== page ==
Review: "Tango your life"

18th April 2012

Review of the movie, 'Tango your Life', filmed and directed by Chan Park


As part of the Tango Zen weekend in April 2012, the "Tango Your Life" documentary was shown (Trailer here). This article is my review of that film.

To read my reflection on the Tango Zen workshop itself, please visit

About Chan

Unlike most of us, Chan Park began his tango journey from a seated position. He attended milongas in his then home town, Washington D.C. for three years without ever taking a tango step.

What was he doing, you might reasonably ask. He was looking, learning and opening himself to the energy he as a long-time Zen enthusiast sensed in tango spaces where people came to dance what we call salon-style tango.

It was the expressions he saw on the faces of the dancers, expressions of profound calm, concentration and acceptance, what Chan Park refers to as the 'Buddha face' which led to his interest in filming the milongueros of Buenos Aires, to whom he is now 'an adopted son'.

Yes, Park, like so many before him, found that there was something in tango that he wanted to devote himself to. So he gave up his job as an electrical engineer at NASA and relocated to Buenos Aires, where he spent the next four years dancing five days a week and being mentored by the legendary and now deceased, Ricardo Vidort.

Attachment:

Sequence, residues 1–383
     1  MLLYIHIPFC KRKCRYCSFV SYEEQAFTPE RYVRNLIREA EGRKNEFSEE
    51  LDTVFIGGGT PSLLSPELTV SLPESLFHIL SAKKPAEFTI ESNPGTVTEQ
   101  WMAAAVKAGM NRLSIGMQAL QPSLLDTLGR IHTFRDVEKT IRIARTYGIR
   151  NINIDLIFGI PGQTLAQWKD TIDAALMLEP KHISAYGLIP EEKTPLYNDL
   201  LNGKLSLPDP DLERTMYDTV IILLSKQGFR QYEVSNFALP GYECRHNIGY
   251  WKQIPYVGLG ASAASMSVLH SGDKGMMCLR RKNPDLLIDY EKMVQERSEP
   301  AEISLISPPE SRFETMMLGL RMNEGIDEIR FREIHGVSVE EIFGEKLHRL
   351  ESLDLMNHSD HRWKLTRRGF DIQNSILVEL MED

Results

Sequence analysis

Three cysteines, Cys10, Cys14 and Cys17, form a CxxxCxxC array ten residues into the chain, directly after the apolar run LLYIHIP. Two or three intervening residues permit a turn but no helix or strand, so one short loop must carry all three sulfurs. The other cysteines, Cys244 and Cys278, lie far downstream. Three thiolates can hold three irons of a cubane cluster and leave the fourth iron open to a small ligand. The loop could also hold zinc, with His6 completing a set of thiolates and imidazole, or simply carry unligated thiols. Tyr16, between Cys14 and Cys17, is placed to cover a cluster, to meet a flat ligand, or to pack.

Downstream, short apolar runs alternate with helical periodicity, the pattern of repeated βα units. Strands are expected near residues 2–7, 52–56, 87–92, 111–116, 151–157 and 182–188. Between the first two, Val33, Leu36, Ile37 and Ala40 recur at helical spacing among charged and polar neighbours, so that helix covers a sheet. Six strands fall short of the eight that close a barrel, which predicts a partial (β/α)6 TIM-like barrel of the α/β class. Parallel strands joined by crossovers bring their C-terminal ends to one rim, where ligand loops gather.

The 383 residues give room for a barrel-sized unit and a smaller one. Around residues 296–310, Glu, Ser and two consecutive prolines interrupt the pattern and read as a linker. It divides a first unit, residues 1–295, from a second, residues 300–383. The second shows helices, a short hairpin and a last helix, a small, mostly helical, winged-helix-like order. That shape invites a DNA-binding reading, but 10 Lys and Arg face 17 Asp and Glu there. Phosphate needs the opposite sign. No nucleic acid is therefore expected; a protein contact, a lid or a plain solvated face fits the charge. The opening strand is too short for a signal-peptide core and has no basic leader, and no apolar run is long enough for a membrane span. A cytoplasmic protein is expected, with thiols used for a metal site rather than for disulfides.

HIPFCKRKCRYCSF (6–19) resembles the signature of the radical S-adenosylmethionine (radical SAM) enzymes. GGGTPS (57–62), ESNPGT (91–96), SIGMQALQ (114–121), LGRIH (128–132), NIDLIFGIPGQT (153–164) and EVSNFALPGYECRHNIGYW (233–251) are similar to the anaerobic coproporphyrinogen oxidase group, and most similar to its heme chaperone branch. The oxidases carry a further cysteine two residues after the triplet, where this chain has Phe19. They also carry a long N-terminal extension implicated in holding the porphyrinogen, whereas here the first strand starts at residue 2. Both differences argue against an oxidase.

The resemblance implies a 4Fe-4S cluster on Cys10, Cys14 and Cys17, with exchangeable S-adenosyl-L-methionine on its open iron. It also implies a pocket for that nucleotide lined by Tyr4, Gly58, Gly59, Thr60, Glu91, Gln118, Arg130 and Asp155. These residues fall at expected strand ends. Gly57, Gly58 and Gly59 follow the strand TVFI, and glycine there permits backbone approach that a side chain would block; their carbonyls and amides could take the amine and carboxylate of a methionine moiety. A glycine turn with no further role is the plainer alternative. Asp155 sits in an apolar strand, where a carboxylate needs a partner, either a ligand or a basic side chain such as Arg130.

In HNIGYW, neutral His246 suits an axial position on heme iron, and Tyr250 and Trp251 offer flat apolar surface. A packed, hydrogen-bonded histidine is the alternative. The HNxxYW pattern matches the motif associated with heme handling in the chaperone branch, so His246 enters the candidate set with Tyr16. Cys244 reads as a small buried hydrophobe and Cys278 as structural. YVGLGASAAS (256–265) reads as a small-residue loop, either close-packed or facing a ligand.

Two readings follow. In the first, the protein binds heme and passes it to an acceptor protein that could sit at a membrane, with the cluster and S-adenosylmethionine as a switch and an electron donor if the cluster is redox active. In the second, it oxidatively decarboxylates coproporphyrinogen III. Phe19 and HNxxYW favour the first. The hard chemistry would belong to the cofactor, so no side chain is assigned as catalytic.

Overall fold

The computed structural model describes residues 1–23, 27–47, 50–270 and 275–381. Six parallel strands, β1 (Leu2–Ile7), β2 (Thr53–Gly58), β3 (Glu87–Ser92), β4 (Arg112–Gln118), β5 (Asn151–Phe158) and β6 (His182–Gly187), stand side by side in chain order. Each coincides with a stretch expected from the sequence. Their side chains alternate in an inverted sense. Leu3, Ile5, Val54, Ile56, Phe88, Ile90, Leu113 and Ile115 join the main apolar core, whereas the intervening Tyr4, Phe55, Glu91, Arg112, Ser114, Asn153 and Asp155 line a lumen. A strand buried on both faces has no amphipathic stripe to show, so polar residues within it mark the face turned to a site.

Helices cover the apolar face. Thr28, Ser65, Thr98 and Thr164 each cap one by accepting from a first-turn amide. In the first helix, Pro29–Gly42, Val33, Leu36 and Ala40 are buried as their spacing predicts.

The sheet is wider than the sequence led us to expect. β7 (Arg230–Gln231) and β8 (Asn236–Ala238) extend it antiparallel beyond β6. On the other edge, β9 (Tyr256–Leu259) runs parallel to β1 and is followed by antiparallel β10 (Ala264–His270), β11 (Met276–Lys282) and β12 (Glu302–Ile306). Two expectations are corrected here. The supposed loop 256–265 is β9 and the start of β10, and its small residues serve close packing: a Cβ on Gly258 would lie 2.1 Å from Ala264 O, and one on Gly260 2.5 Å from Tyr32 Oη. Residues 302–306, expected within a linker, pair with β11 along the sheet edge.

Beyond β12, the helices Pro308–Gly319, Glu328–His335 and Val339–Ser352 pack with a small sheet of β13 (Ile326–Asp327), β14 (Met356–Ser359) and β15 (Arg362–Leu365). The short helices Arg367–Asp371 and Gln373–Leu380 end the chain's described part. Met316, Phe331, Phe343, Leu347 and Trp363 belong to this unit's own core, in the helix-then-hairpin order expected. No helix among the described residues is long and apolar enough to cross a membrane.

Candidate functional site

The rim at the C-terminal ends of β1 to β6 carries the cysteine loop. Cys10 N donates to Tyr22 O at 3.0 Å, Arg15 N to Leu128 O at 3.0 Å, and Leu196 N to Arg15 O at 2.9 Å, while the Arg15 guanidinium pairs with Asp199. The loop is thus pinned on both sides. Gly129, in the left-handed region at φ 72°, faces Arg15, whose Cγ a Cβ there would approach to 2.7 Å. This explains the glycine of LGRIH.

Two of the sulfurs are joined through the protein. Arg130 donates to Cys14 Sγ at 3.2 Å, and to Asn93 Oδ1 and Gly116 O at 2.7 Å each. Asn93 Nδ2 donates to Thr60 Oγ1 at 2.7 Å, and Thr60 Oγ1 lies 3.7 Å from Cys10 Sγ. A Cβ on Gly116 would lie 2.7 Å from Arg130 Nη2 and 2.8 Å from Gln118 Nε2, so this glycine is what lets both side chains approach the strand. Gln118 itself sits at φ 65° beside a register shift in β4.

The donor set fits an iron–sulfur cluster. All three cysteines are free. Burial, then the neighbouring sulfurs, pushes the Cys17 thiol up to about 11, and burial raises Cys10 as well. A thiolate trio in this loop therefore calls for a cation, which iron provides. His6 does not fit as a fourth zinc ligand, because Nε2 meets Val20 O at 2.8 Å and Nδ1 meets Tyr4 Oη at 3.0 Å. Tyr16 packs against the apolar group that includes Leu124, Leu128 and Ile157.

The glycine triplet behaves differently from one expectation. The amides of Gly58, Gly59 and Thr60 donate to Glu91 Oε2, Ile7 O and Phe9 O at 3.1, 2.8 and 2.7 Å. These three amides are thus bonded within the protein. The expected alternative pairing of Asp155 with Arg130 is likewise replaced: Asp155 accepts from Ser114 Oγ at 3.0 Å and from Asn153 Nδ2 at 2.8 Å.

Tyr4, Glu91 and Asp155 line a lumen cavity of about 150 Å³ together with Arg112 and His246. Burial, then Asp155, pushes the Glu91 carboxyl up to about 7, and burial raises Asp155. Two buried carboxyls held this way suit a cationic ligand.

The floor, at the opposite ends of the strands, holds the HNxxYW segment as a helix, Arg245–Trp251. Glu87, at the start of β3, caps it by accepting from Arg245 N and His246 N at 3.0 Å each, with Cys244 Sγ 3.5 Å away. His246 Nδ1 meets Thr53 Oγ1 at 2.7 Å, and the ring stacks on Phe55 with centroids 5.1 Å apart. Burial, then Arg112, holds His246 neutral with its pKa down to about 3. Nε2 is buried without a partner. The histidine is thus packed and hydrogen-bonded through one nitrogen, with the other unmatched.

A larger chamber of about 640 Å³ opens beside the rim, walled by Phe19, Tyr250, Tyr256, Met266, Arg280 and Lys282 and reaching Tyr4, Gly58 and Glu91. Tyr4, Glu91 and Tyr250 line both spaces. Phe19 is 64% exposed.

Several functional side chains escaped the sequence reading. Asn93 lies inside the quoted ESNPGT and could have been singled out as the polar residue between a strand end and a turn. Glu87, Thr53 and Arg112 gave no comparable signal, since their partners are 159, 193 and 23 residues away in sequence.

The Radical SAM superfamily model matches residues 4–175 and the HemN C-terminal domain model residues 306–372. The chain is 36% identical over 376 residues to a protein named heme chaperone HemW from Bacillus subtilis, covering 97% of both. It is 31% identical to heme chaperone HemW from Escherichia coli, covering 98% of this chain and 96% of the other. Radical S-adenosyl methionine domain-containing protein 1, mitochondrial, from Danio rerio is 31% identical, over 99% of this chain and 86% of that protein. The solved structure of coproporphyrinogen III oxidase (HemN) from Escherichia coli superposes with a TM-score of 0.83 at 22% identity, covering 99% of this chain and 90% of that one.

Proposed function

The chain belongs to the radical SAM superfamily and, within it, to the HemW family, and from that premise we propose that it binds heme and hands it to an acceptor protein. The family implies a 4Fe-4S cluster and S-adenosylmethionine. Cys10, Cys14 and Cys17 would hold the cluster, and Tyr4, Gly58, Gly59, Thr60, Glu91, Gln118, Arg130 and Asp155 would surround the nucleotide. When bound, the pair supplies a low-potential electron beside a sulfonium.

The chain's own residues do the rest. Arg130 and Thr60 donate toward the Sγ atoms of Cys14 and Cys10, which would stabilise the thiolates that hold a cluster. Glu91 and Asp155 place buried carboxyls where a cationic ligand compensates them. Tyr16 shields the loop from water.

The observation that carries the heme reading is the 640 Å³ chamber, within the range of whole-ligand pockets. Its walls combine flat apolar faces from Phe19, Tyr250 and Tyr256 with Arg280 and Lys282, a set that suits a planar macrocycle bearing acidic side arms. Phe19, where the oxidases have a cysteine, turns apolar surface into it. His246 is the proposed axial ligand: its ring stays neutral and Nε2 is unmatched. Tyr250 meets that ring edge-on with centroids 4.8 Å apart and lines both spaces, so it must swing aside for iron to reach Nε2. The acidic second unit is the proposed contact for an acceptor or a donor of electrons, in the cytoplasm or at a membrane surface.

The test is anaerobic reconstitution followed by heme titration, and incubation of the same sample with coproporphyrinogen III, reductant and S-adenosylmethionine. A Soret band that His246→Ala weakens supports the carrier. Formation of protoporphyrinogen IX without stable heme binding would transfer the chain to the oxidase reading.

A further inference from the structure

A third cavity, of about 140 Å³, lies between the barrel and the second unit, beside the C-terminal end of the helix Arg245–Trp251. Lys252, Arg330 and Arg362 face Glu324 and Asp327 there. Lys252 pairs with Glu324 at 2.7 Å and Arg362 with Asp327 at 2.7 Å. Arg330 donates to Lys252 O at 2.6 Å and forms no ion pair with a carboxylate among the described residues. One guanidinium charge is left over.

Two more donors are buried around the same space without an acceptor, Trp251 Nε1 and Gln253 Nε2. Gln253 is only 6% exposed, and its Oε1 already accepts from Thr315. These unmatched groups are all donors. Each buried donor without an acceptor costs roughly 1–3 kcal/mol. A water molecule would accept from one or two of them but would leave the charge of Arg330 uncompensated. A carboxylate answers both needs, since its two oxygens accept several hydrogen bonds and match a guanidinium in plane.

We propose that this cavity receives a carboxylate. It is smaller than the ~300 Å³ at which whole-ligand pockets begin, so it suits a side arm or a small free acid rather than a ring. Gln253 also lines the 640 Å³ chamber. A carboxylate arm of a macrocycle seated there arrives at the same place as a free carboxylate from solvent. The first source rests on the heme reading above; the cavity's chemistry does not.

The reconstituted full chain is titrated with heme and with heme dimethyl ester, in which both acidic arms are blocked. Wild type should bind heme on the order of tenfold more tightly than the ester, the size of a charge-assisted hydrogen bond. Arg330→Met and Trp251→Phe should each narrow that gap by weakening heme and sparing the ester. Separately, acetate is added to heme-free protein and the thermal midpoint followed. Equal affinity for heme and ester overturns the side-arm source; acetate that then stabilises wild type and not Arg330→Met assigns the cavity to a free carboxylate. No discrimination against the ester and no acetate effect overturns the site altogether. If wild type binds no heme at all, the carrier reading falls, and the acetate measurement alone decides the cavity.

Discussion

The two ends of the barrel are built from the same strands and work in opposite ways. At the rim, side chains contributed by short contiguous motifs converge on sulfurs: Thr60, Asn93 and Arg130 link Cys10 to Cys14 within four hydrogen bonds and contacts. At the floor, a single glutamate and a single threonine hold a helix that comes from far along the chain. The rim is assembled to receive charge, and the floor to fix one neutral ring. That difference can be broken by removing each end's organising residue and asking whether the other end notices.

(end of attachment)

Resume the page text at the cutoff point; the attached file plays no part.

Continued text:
"Tango Your Life"

The film introduces you to milongueros of all nationalities, from all walks of life and of all ages up to 91. Plain-speaking, sometimes in English, sometimes Argentine Spanish, they talk about why they dance tango, about the gifts total surrender to the music and one's partner, brings.

These are not the observations of tango tourists nor of dilettantes. Some are academics and writers living and working in Buenos Aires: Julie Taylor, a social anthropologist and trained dancer (author of Eva Peron: The Myths of a Woman and a dark memoir of the city called Paper Tangos); Margareta Westergard ("Tango Passion and the Rules of the Game"); Migdalia Romero ("Tango Lover's Guide to Buenos Aires"); Ruth Goodman ("The Sacred Book of U"). Others are portenos, who were lucky enough to absorb the music 'from their mother's milk'. They talk intimately and passionately to a director they clearly trust.

It's powerful stuff, this documentary and it's filmed without frills so one senses the authenticity of Mr Park's quest for the answer to why tango becomes life for such people.

If you've been to Buenos Aires, images from the film will resonate with you: street corners you've stood on (like Corrientes, opposite the famous tango music store, Zivals) or the interior of the tango club, El Beso with its distinctive red pillar. If you haven't been to this sprawling city you will sense its nocturnal energy. It pulsates through the frames like a habanera rhythm. As one of the organisers of the UK premier of this film, Nathan Jeffries from Stokies Tango Dojo, observed: "This should be used by the Argentine Tourist Board."

Icing on the cake

A fun touch at this movie premier evening (the launch event for a mind-body awakening 3-day workshop in Tango Zen run by Chan Park in a daffodil-bedecked Midlands village hall) was the presence of an usherette in 1950s uniform, Essie Jo Jeffries, who to the delight of filmgoers served free ice cream cones. No wonder they call her Yum-Yum up there.

~ Candi Miller, 18th April 2012